(Reproductive rights are under attack across the country, and Denver held a march for womxn — including trans women and non-binary individuals — in solidarity with womxn in Texas opposing the latest anti-abortion law. The following is the speech delivered by the Rev. Tamara Boynton, Interfaith’s director of strategic partnerships, at the Denver Womxn’s March for reproductive rights on October 2, 2021.)
Greetings, everyone! It is beautiful to see you all here. My name is Rev. Tamara Boynton and I am the director of strategic engagement at Interfaith Alliance of Colorado.
At Interfaith, we can say unequivocally that our country and our state is made up of diverse religious communities with diverse positions on abortion.
As an interfaith organization, we know that reproductive agency, that is to say: when, where, with whom, and how to reproduce is a moral good. And it is based on a host of factors including personal, the situation, health, complications, family, economics, access, support, and faith. Those are all parts of how we make the critical decisions in our lives. This conversation is happening and has been happening from the beginning in the faith community, but not loudly enough in some faith communities.
We work in advocacy and education to counter any narrative that tries to limit legal rights in exchange for an expansion of religious oppression. We work to counter those religious narratives that confuse communal, legal, human, healthcare rights for individual religious convictions. They are not the same, thank God, in this country.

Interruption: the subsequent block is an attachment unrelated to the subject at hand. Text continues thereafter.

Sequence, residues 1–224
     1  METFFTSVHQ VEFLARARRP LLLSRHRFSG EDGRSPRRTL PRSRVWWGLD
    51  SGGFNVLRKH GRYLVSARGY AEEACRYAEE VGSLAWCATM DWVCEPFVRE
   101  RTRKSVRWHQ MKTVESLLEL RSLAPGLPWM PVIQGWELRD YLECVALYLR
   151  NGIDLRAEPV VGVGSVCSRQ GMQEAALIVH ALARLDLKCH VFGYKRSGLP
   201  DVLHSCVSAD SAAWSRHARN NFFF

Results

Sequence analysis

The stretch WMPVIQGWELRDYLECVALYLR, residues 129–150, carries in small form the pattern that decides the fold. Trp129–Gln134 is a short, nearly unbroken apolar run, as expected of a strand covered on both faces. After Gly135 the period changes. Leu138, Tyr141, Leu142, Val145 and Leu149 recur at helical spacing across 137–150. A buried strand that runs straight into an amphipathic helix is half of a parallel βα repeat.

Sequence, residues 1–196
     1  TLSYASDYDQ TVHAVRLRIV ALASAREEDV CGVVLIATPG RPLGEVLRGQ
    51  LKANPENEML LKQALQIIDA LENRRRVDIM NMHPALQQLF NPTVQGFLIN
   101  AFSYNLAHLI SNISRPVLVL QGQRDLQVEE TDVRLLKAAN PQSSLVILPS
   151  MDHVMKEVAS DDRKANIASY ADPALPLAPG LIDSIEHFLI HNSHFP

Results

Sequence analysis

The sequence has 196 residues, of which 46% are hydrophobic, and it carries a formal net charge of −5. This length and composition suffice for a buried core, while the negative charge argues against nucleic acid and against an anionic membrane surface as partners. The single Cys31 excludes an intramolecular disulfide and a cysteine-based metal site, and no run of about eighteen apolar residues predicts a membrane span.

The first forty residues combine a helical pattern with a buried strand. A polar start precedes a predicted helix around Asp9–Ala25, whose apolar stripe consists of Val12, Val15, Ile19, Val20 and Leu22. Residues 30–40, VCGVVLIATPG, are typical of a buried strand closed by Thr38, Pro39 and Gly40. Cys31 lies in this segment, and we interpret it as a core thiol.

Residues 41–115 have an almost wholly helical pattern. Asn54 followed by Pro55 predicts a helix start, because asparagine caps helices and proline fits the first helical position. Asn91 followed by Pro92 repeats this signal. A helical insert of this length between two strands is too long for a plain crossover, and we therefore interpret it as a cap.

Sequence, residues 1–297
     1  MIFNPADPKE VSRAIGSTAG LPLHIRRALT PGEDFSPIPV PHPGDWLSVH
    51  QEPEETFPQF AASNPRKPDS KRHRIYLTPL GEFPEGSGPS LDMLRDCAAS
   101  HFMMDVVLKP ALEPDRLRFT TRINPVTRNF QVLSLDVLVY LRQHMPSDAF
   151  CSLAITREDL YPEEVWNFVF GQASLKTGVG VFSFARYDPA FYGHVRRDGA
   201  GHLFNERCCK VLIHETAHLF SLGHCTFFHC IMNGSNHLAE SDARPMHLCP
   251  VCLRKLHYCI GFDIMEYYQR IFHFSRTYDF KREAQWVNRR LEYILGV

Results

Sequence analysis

At Interfaith Alliance, we seek collective liberation. Principles of liberation are designed to free us to practice how we choose to be a faithful person and how we choose to live our lives without government intimidation or control. This freedom in the reproductive sphere frees every single one of us.
Three parts to my passion around this topic:
The personal. As a pastor, I am deeply pained by how this topic and the hurtful, shame-filled, harmful ways it is talked about affects individual people who are making the right decisions for themselves, their families, and their bodies. It harms their hearts. It harms their being. It harms their spirits. It harms all our spirits.
We all make decisions with own complex processes. What considerations and experiences are part of that is central to how we thrive, survive and live. It is absolutely unconscionable for a person to presume to make that decision for another or worse to shame them, demean them and stigmatize them for it.
Why don’t we force every person with a uterus to bear a child during their 22nd year? Or why don’t we force every man to father at least three children by the time they are 30? Because we actually believe that people should be able to decide when to have family, with whom to have to family, and what criteria makes them ready to have a family. Abortion restrictions do not save lives; they coerce birth.